The Detroit Pistons are finally playing like the defending NBA champions— perhaps even better.
The Pistons seek their ninth victory in 10 games before heading to the All-Star break as they take on the streaking Philadelphia 76ers at Wachovia Center.
Detroit closed out a dominating three-game homestand with Monday’s 107-83 rout of Milwaukee after similarly impressive wins over the Los Angeles Lakers and Washington. The Pistons scored 105.7 points per game on the homestand and won by an average of 22.3.
Six players scored in double figures for the second straight game and the team finished with 32 assists against just four turnovers on Monday. The four turnovers matched a franchise low, and the 32 assists gave the Pistons at least 30 in three straight games for the first time since January 1987.
“I’ve seen games where we’ve had 32 assists before,” said point guard Chauncey Billups, who had 17 points, five assists and no turnovers. “But 32 assists and four turnovers? That’s unreal.”
Rasheed Wallace had 17 points and 10 rebounds for Detroit, which was just shy of 50 percent shooting from the field (124-for-250) on the homestand.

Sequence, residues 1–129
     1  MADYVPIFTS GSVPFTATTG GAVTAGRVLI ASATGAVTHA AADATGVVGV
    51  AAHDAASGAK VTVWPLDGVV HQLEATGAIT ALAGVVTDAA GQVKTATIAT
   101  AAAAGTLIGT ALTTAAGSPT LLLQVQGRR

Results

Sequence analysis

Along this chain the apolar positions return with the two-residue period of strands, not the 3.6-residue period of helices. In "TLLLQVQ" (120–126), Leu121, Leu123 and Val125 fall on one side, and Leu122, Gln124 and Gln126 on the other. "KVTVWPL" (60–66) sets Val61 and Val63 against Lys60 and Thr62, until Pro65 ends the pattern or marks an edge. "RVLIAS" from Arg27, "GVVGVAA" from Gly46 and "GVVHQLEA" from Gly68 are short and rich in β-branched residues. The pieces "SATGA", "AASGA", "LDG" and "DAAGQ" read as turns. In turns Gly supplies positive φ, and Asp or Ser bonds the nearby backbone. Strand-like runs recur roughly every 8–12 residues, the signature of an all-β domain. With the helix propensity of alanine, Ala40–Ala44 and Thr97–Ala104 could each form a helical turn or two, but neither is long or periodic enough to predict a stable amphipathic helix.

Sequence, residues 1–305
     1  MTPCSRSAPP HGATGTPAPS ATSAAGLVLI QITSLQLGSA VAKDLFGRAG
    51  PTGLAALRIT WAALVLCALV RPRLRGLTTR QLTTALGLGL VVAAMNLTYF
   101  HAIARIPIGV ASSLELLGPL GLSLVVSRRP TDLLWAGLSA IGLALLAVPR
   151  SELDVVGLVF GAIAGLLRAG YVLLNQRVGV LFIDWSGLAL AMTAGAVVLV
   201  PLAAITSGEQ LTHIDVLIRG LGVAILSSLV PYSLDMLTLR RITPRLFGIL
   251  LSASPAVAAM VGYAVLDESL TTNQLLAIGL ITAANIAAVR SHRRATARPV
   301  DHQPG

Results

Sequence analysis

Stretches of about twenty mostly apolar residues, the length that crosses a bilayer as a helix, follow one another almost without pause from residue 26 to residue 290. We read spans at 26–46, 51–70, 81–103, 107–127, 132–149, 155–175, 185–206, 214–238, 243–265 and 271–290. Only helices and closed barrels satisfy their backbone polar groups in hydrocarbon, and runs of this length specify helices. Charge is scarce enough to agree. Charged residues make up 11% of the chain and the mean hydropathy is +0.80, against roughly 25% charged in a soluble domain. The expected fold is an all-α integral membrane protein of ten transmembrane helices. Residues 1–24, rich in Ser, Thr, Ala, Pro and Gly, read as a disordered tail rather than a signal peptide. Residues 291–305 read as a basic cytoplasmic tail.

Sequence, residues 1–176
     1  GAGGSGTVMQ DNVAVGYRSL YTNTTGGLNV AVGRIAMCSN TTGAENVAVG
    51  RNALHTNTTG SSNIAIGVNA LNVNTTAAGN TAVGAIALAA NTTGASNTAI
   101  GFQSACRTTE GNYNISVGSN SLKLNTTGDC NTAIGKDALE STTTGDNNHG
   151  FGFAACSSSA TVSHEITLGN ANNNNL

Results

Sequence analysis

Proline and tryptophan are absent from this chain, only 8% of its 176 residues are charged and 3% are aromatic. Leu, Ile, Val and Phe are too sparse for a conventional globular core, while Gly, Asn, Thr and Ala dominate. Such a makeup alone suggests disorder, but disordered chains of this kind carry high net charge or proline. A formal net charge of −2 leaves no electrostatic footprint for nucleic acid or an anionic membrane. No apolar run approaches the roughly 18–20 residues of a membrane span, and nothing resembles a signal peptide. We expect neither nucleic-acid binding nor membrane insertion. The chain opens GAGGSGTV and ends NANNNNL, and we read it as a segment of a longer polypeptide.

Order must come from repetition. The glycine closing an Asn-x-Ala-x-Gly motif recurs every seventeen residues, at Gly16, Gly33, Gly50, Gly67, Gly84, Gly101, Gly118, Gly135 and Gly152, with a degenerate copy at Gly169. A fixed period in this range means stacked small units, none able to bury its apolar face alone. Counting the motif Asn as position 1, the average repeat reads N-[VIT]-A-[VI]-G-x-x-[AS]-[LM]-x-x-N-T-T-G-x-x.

“We are playing about as well as we can play,” coach Larry Brown said. “Getting 32 assists and four turnovers is just great.”
Over the last five games, no Pistons player has attempted more than 18 field goals and none have reached the 30-point plateau in the last 10.
“It’s fun playing basketball like this,” said All-Star center Ben Wallace, who had 11 points and 12 boards Monday. “Everyone is playing hard and everyone is touching the ball. When you play like this, the energy gets contagious.”
The Pistons won their sixth straight home game, and need to keep the momentum going against the Sixers. Six of their first seven games after the break are on the road, where they have gone 12-12 this season.
Allen Iverson and the 76ers have won seven of 10 to reach .500 and move into a first-place tie with Boston in the Atlantic Division.
Iverson followed a career-best 60-point performance against Orlando on Saturday with 38 points and 10 assists in Monday’s 106-105 victory over New York. His final assist resulted in Marc Jackson’s game-winning layup with one second left.
“I knew they’d double somebody, but I was surprised I was open,” said Jackson, who scored 22 points. “It was a great play and we executed it perfectly.”
Iverson’s 98 points over the last two games is his second-highest total in consecutive games, topped only by his 54- and 51-point performances in consecutive games in December.
The win was the Sixers’ third straight—matching a season high—and evened their record for the first time since they improved to 6-6 with a win over Washington on Nov. 26.
“Hopefully, we’re getting over a hump,” said Kyle Korver, who had 12 points. “That’s not our goal to be a .500 team.”